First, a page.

Politics & Society

What's the REAL Issue?

"Are you black, first, or a journalist, first?"

"What plays a bigger role in your life, being black or being female?"

"Why did you wait so long to have kids? You must have been pretty busy with your career, huh?"

"Wow! You can cook? You seem like such a career gal."

"You're taking time off for Thanksgiving? Isn't that what bakeries are for?"

Now, how are you reacting to these questions? They are actual remarks that have been made to me, some of them very recently. It's a little sampler of insensitivity for you.

Are these worst things I've ever heard? Of course, not.

Any permanent scarring? By all means no, and frankly I'm at the age where it really rolls off my back, and I have so many standard comebacks, I don't even think about it. (What exactly SHOULD I have been doing before I met my husband? Bakeries, yes. But they're for people who can't bake).

But my real issue is that only some of us have to answer these questions and, if you are a white man, I can almost guarantee they have never been said to you.

... Which leads me to the whole Obama-Clinton thing. Elections are ABOUT choice, and I appreciate having a choice. I know some people are annoyed by the size of the field on both the Democratic and Republican sides. They long for the days until the race gets narrower. But I don't. I like hearing what many of our best and brightest have to say about the state of our nation and world — at least those with the means and ambition to see a job that way. And, I like the fact that we get to enjoy elections without, for the most part, fear of violence and retaliation. This is a luxury much of the world would dearly love to have.

But what about the whole race and gender thing? How does that play out?

One of our most prominent social critics engaged this question recently, and we thought you might like to hear more of what she had to say. Also, read her recent Op-ed in the New York Times, and one of her earlier ones.

We also thought you'd enjoy hearing from a panel of distinguished commentators who have also faced some of the questions I described earlier — Gwen Ifill, host of PBS' "Washington Week," New York Times Managing Editor Jill Abramson, and Linda Chavez, a commentator for FOX News. Come to think of it, we might need to have this conversation again.

Who else would you like to hear from on this?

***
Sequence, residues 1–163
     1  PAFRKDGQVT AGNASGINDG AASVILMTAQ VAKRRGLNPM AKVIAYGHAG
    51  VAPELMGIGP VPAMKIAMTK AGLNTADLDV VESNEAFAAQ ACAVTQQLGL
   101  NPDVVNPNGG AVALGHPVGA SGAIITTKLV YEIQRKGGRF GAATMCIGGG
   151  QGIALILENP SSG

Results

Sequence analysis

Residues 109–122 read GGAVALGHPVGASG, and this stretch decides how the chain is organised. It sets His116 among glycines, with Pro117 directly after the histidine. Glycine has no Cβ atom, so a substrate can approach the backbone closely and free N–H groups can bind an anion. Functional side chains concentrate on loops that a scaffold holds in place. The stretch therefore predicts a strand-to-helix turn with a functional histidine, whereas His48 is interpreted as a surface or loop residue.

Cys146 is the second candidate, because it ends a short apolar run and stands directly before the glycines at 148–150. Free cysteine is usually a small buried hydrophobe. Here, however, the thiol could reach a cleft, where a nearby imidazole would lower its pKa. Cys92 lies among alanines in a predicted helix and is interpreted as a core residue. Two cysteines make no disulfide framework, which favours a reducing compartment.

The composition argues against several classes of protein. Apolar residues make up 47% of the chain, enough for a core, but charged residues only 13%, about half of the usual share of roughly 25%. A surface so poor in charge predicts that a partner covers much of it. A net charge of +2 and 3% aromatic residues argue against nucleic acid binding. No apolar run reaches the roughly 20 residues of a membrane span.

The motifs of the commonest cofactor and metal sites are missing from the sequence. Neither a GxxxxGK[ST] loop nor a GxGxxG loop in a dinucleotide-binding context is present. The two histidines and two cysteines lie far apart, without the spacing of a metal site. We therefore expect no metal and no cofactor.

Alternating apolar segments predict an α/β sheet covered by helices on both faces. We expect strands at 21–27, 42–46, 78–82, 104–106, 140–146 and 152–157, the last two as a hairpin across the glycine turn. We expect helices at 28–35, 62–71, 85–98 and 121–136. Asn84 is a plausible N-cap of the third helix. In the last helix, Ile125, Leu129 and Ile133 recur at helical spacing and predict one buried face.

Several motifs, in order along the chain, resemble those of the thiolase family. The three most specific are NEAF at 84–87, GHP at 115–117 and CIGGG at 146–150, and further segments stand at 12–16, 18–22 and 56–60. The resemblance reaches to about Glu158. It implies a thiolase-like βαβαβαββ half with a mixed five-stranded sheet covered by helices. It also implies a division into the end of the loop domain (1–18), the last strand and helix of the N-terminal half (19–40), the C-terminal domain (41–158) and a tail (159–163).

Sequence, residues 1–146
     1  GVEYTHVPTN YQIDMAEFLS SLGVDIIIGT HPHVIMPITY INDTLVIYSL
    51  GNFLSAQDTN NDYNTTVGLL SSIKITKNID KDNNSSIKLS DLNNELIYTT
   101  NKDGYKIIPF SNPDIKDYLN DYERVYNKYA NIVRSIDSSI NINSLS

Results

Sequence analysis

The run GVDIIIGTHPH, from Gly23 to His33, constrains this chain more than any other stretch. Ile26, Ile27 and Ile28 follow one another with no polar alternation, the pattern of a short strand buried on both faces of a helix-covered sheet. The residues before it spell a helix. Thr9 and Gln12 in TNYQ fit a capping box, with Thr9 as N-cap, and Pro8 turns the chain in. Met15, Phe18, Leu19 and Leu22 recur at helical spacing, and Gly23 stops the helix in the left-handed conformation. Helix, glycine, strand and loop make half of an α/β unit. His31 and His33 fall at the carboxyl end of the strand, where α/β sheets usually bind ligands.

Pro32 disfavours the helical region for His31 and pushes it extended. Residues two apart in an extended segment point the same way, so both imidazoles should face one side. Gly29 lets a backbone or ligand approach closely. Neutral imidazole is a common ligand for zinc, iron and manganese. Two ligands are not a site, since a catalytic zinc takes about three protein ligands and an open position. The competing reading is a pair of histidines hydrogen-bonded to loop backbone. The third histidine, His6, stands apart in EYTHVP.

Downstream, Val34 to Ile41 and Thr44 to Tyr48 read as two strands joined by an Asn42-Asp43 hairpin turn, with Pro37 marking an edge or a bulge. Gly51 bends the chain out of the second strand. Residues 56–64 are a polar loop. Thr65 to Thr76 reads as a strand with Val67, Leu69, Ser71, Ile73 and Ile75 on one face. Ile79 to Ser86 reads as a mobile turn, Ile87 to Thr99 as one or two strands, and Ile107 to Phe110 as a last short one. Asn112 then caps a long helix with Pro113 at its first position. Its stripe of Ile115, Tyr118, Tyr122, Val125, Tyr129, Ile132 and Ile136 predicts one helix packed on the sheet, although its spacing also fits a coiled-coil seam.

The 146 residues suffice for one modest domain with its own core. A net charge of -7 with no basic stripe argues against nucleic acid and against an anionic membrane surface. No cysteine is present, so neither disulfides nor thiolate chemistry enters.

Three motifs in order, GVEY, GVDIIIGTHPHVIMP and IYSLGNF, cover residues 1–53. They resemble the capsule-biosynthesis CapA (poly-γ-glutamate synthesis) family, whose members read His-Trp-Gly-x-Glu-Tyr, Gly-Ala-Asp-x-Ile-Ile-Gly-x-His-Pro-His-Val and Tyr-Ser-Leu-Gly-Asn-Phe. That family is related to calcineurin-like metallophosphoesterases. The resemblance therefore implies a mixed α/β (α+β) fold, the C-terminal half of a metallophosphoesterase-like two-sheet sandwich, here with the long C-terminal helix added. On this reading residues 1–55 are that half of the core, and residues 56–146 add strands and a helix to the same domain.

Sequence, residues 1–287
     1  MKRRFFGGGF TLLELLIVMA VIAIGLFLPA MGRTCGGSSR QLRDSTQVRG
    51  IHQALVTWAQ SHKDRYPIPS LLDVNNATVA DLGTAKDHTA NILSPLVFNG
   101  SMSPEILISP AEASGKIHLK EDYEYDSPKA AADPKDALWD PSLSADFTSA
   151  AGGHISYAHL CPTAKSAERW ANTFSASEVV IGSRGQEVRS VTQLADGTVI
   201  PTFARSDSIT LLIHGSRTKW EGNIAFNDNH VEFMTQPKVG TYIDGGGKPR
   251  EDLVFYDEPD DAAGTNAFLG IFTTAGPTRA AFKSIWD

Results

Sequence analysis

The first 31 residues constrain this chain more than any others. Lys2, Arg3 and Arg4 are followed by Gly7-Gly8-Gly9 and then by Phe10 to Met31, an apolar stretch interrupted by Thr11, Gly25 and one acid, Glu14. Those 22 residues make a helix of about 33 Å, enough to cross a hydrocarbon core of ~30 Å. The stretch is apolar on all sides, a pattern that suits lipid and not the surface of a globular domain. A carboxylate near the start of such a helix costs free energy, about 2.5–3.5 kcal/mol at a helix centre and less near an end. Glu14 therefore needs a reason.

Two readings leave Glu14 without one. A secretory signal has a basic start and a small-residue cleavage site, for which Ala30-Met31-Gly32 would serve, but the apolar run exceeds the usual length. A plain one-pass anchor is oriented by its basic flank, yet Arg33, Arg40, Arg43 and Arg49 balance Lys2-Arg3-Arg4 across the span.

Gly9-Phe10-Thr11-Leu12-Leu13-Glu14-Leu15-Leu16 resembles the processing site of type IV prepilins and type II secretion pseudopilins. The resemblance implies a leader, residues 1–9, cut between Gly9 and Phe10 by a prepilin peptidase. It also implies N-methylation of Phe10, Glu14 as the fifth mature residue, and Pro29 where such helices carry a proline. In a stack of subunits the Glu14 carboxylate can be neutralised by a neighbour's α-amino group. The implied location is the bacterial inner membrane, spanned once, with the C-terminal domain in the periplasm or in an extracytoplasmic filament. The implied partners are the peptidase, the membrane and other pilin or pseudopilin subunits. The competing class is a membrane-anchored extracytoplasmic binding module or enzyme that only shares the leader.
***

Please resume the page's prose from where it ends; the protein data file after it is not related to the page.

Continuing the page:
Addendum: Today, I was washing my dishes in the kitchen (it's my afternoon ritual ... we get in so early in the morning I usually have my cereal at my desk, and we are so busy that I usually heat-up some soup or leftovers from home for lunch) when a man I've never seen before actually stopped to ask me (jokingly, I assume, he thought) if he could bring his dishes so I could wash them. I asked him if his arm was broken.

Now, I ask YOU. Would he have said that to Robert Siegel?

Comments

 

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Prior to listening to today's show featuring Gloria Stinem, Gwen Ifill, Linda Chavez, and Jill Abramson, I was having trouble conceptualizing exactly what troubles me about gender and race dynamics related to this campaign. After listening, it became very clear to me. In fact, it was so clear that I needed to write about it.

Let me first say that the discussion amongst the panel of the three journalists was really insightful. I would love to hear this panel of women discuss a range of issues. I hope you will bring them back.

On the other hand, I am not sure that would care to hear from Gloria Stinem again. After listening to the show, I read her op-ed piece. I'm not sure what infuriated me more, her comments on TMM or those in the article.

As a resident of Illinois, I must start with the comments in the article. In it, Stinem describes a woman with a personal history & credentials similar to those of Barack Obama. Stinem suggests that no one would vote for such a woman making a bid for the US Senate, much less for the presidency. Well, the people of the state of NY (perhaps Stinem herself if she is a New Yorker) did indeed elect to the US Senate a woman with even less experience dealing with their specific issues. Let's not forget how Hillary Clinton basically carpetbagged her way into the Senate. She established dubious residency in the state, and then relied on her elite status and inside access to the Democratic Party to win a seat in the US Senate. Whatever 'experience' she had for that seat, it was no more relevant than Obama's demonstrated accomplishments in Illinois, on the behalf of Illinois residents.

Now after nearly two terms and an unremarkable record, Clinton wants to paint herself as experienced, and Stinem wants to claim that she is a victim of sexism. I won't deny that Clinton has been impacted by sexism. No doubt she has. But it seems to me that Clinton and Stinem want to have it both ways here. Clinton seems to feel OK playing good old boy power games, like using elite status and position to win her seat in the Senate, but then wants to claim to be marginalized and oppressed when it is to her advantage. Then in spite of her own non-traditional path to power and experience with marginalization, she belittles and pooh-poohs the viability of the next person ascending a non-traditional path and from the ranks of the under-represented.